On Sunday, I “ran” the San Diego Mud Run with my husband and two best friends. Ran is in quotations because the race was primarily an obstacle course involving very minimal running across the 5K course. It took us 58 minutes and 39 seconds to make our way through dozens of thigh-high pools of mud, tunnel crawls, slipperly hills, 4-foot wall climbs & hurdles, not to mention the mud pit after mud pit after mud pit. We’d climb out of mud, get blasted with freezing cold water from fire hoses, then sprint straight up a steep gravel hill only to dive back into the mud. It was hardcore. I literally ate dirt and have scabbed knees, hands and ankles to prove it. It was INSANELY FUN. I’m also unbelievably SORE. 5Ks are usually a nice confidence booster before long races, but I’ve been so sore (sorer than I’ve ever been post-marathon), I can’t help worrying… At the same time, I’m already looking forward to next year’s mud run!
This “war” got me thinking about all of my running wounds. I’ve dealt with my share of shin splints, achilles issues, sore knees and sciatica, but that’s not what I’m talking about here. I’m talking about all the times I’ve “bit the cement” mid-run.
There was the time I was running in the pre-dawn hours while living in Phoenix and headed into a new neighborhood. Without the help of street lamps, I took a spill off a steep curb, landing hard on my hands and knees. I spent the next few days with my dressy work pants rolled up beneath my desk to let the wounds air out and smiled to myself about my first running scars, which felt more like badges of honor… like race medals that I would wear indefinitely.
Then there was the Monday morning long run that Jared and I were squeezing in before work. Again, we were out in the pitch black, pre-dawn. A mile and a half into what was planned to be an 18-miler, we were crossing from the street to a park and both failed to see the curb in front of us. Again, I went face first into the cement, this time gauging deep holes in my elbows. I raced for the park bathroom and found myself bleeding from my knees, hands and hip, but my elbows got the worst of it. We rinsed off and ran on, completing 14 miles of what we now refer to as our “Athletes Run,” because, well, only real athletes would keep going while dripping blood. My elbows are still pretty gnarly looking and I can’t help smiling at the scars, which are visible in some of our recent wedding photos.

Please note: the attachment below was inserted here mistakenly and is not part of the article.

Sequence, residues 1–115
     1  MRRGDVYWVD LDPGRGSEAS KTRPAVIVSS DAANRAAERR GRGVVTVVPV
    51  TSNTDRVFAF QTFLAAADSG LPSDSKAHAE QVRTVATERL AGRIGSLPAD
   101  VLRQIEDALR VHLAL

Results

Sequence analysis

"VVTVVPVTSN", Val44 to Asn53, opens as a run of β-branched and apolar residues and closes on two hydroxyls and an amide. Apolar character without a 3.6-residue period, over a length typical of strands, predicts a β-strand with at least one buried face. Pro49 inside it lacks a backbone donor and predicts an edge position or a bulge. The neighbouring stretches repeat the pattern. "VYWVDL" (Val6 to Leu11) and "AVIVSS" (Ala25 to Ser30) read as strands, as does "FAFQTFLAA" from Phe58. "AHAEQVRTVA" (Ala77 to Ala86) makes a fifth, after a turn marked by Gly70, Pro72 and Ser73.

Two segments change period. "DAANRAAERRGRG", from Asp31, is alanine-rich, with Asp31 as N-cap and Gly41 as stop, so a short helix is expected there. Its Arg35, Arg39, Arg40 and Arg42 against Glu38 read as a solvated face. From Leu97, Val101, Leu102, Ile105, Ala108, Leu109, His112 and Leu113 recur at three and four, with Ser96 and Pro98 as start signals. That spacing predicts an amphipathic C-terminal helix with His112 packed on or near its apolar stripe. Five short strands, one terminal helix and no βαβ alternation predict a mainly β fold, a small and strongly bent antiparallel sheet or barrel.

There’s the evening I went for a short jog with our 90-pound bloodhound, who dodged after a stray cat, pulling me off the curb, leaving the skin of my shins behind. There are countless stumbles and falls from treadmills (where it’s especially easy for me to zone out and get clumsy) and the ultra painful treadmill burn that’s left behind. And of course, there’s our most recent war wounds of the San Diego mud run, where I had so much fun crawling through mud, sand, and rocks, that I didn’t realize I was bleeding until we hit the showers at the finish.
I realize I might sound masochistic, but all of these “badges of honor” that I love so dearly, they’re purely accidental and I’m usually an irritated, shocked mess when it happens. There’s no doubt that it’s painful–especially when I get home and douse the wounds in peroxide, screaming like a girl and cursing like sailor. But the bottomline is that I love the run, I am a runner and whether or not it makes me a masochist, I love all the blood, sweat and tears that come with it!